Adventures in e-Publishing, Cat Valente is right about everything ever, and night of the (not-gay!) living dead
It's still February, which means my essay, "Writing Our Own (Alternate) Histories," is still in this month's issue of Crossed Genres. If you've got the time and inclination, check it out!
Speaking of things you can read without pulping trees first, Aleksandr Voinov is doing an experiment. He's posted his and Raev Gray's short story, "Spoils of War" on Smashwords, and is letting readers decide how much to pay for it. So far, it's been interesting to see the results. Check out his first three posts about it here, here, and here.
If you haven't read Cat Valente's blog lately, you've probably missed out on her posts about angry-making gender coding in hygiene products and the hell that is gender relations in popular media.
Please go read them. If it seems a little angry, that's because these things are worth being angry over.
Jim C. Hines added some commentary on the topic, which is (as usual) spot on as well.
And you know, I'm interested in this as a writer because I want to innovate and imagine and make good stories that don't propagate harm. When I say that, though, that's such a small thing compared to how important it is to look at this problem of culture as a human being living in it.
Regardless of your gender or sexuality or politics, these are the messages we see and hear and read and repeat, over and over, without thinking. We are so accustomed to it that we think that, "oh, it's just the way things are," when men are violent, or when women are victims, or when relationships fail because people don't know how to have them properly, or when people are harassed in the workplace, or when a boy likes dolls or a girl likes to climb trees, and it's exhausting because all of us have to invest so much time in either a) conforming to something which is not natural to us, or b) fighting the tide of expectation and everyone who tries to enforce these roles.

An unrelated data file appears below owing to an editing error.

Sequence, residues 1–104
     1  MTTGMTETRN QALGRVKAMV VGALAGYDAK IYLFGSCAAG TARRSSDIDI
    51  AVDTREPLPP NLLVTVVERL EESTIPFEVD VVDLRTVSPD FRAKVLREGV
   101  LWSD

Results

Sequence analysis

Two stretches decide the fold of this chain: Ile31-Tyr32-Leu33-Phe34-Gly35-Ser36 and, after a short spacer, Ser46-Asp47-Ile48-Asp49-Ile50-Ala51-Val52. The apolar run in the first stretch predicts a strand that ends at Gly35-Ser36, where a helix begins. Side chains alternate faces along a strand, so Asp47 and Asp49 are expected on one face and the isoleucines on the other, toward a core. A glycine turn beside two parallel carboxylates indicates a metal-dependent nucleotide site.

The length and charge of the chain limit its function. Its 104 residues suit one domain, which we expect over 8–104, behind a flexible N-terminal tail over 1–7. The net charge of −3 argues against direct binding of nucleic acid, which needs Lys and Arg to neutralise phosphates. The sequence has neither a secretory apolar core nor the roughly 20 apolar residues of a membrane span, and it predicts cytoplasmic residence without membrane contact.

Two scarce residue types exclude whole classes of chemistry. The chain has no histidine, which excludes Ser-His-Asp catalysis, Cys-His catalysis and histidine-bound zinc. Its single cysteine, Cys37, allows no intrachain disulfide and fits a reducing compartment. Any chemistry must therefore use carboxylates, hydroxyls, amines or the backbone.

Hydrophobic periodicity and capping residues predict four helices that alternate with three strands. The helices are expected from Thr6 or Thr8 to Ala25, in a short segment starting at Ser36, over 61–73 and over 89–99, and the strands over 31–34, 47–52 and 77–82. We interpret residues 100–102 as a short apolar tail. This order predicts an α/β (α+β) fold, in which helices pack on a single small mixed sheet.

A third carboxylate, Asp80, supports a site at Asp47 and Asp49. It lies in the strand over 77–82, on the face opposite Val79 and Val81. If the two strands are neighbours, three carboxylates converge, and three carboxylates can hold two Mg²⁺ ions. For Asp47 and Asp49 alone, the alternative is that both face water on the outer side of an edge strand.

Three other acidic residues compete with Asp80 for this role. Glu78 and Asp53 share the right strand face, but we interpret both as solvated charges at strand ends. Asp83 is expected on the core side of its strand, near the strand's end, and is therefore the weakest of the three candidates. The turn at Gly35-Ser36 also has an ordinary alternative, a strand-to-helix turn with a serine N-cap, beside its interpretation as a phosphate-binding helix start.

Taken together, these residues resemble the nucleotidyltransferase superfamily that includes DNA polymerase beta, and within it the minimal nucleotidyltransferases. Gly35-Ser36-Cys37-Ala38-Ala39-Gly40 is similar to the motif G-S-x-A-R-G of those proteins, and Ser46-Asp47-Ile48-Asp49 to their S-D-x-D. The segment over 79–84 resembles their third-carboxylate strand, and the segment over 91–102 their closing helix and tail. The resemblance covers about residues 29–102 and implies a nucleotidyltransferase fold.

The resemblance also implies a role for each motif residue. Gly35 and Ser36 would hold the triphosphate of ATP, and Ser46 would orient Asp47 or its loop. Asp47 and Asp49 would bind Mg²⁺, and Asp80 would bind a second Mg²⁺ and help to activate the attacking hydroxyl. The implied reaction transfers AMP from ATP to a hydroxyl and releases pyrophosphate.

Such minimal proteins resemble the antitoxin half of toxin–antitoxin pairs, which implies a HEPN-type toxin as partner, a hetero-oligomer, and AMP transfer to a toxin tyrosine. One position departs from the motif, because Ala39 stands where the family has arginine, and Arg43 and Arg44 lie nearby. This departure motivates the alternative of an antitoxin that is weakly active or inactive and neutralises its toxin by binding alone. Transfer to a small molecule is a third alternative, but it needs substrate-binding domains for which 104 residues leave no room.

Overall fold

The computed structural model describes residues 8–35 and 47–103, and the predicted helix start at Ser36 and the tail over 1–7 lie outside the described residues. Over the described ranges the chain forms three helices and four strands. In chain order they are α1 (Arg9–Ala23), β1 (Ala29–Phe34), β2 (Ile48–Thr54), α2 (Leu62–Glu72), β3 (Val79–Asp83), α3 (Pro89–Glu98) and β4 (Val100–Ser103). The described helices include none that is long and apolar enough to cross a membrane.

As human beings, this is a matter of life and death.
In less cheerful news, an upcoming anthology I'd planned to submit to has recently been withdrawn by the publisher because of anti-gay sentiment expressed not by possible readers, but by other authors who've submitted work the publisher.
When I write here about LGBTQ stories being harder to sell, or about LGBTQ writers having a steeper hill to climb in order to earn respect and make a living at their writing, I often get notes from people who tell me that these problems are long since past, and to get over it, and that there is no movement that actively wants to silence people like me, or the stories that we want to tell.
And yet, apparently the idea that the living dead (and those who survive to fight them) might exist in ways that transcend mainstream attitudes about gender and sexuality, and that someone might want to put this stuff in a book, is sufficiently robust a threat that multiple someones acted to shut it down.
I'm hoping this project will find another bigger, better, and more badass publisher. I was already writing my submission more for the love than for the money. Now, though, I'm writing it because I've got something to prove as well.
(And, because a post about zombies warrants a mention of it, if you dig both zombies and poetry, check out Vicious Verses and Reanimated Rhymes. I'm in there, my friend John C. Hay is in there, and everyone I know who's bought a copy has said exceedingly nice things.)